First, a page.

Tehan: Look, we want to have constructive engagement with the Chinese Government. We have said that all along. I wrote to my Chinese counterpart, who was appointed at the same time that I was, setting out all the reasons and all the areas that we could work together, and our ability to work through disputes, and at times, the need for us to agree to disagree. Now, I am yet to have a response to that letter. But we do want constructive engagement with the Chinese Government. The economic relationship is an incredibly important one. It has helped to lift millions out of poverty in China and it has helped us maintain our standard of living.
Journalist: Minister, do you regard this as tit for tat?
Tehan: Look, ultimately, you would have to ask the Chinese Government the reason why they have acted today to take this measure. As I have said, the normal course of events would be that you would get some notification of their concerns about the measures we put in place through the relevant WTO committee, or through officials raising it through bilateral channels. We have not seen any of that. All we have seen is the action that's been taken today.
Journalist: What does this mean for producers in the short term or manufacturers in the short term?
Tehan: Obviously, in the short term it doesn't mean anything because we will robustly defend the measures that we have put in place. It would only, ultimately lead to changes needing to be made depending on the outcome of the case. As I have said, we will robustly defend this case.
Journalist: Minister, Australia has initiated action already on the barley tariffs and the wine tariffs. Is the Australian Government considering any other WTO referrals regarding to other Australian export sectors that have been targeted by China?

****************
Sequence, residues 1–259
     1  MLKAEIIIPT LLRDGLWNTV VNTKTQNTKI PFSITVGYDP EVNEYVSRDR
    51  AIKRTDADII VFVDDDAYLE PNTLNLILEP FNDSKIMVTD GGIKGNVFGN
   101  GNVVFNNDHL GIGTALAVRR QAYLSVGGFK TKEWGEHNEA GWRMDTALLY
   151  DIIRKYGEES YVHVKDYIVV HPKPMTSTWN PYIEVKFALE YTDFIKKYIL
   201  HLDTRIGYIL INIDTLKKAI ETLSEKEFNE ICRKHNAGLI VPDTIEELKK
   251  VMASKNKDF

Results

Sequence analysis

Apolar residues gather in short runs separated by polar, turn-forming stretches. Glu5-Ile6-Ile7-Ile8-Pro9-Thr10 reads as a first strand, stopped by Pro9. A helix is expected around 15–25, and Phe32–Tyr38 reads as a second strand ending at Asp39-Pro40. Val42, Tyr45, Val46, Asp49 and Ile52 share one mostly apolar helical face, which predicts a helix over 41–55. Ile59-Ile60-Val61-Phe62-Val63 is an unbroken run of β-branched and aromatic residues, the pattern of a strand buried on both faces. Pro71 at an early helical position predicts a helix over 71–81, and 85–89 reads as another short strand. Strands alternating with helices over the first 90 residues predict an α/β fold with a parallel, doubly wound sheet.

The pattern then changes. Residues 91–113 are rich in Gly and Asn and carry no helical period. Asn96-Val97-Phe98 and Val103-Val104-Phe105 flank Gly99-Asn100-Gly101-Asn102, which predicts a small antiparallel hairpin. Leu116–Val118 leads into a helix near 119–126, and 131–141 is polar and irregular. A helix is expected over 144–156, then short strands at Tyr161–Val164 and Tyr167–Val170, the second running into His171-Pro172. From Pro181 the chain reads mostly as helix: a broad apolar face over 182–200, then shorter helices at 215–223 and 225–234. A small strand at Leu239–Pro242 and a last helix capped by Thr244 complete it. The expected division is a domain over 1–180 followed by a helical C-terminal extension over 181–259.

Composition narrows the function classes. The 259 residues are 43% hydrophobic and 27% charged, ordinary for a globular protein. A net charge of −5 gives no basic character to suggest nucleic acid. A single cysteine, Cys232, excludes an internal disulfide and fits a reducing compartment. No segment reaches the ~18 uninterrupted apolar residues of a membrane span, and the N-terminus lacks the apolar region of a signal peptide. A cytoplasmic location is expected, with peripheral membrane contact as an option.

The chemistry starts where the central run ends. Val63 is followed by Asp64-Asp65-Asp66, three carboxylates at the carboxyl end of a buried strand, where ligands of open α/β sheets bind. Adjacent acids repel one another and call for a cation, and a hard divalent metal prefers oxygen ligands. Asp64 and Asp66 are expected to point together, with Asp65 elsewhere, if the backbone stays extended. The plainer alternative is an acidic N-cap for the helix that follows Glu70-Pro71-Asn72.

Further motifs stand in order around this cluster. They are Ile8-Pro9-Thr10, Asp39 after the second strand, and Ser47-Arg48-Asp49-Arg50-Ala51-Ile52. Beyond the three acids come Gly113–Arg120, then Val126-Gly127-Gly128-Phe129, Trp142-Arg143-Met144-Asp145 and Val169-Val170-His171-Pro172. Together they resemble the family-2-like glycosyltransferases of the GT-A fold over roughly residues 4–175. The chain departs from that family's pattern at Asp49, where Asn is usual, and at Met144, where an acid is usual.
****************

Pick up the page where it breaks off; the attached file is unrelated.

Tehan: Look, we continue to assess all avenues available to us to be able to deal with the current trade disputes that we have, and where we think that we have a strong legal case and where we think serious injury or damage has been done to industry here. We will look at all available options and avenues available to us to protect and defend our industries. So…
Journalist: Further actions are on the table?
Tehan: Well, I am not ruling them out. Obviously, it would depend on the legal case and on the extent of the injury that occurs to Australian producers as a result of actions which are taken.
Journalist: Does this escalate the situation into a trade war?
Tehan: Look, what we want to do is see very constructive engagement with China. The economic relationship is an incredibly important one for both nations. It has grown significantly over the years, and we want to see it maintained, because as I have said, it benefits Chinese consumers, it benefits the Chinese people, as it benefits Australians and the Australian consumers. So, we want constructive engagement with China. We want to sit down and work through these disputes. We continue to do it at the officials level and we would be more than happy to do it at the ministerial level. I will leave it there, thank you very much.
Journalist: How long would you expect the case to go for, until we can get some certainty on this?
Tehan: So, the timeframes for these WTO cases can be anywhere between two to four years. But, ultimately, countries can sit down and try to resolve them before those timeframes. But cases usually take anywhere between two to four years. Thank you very much.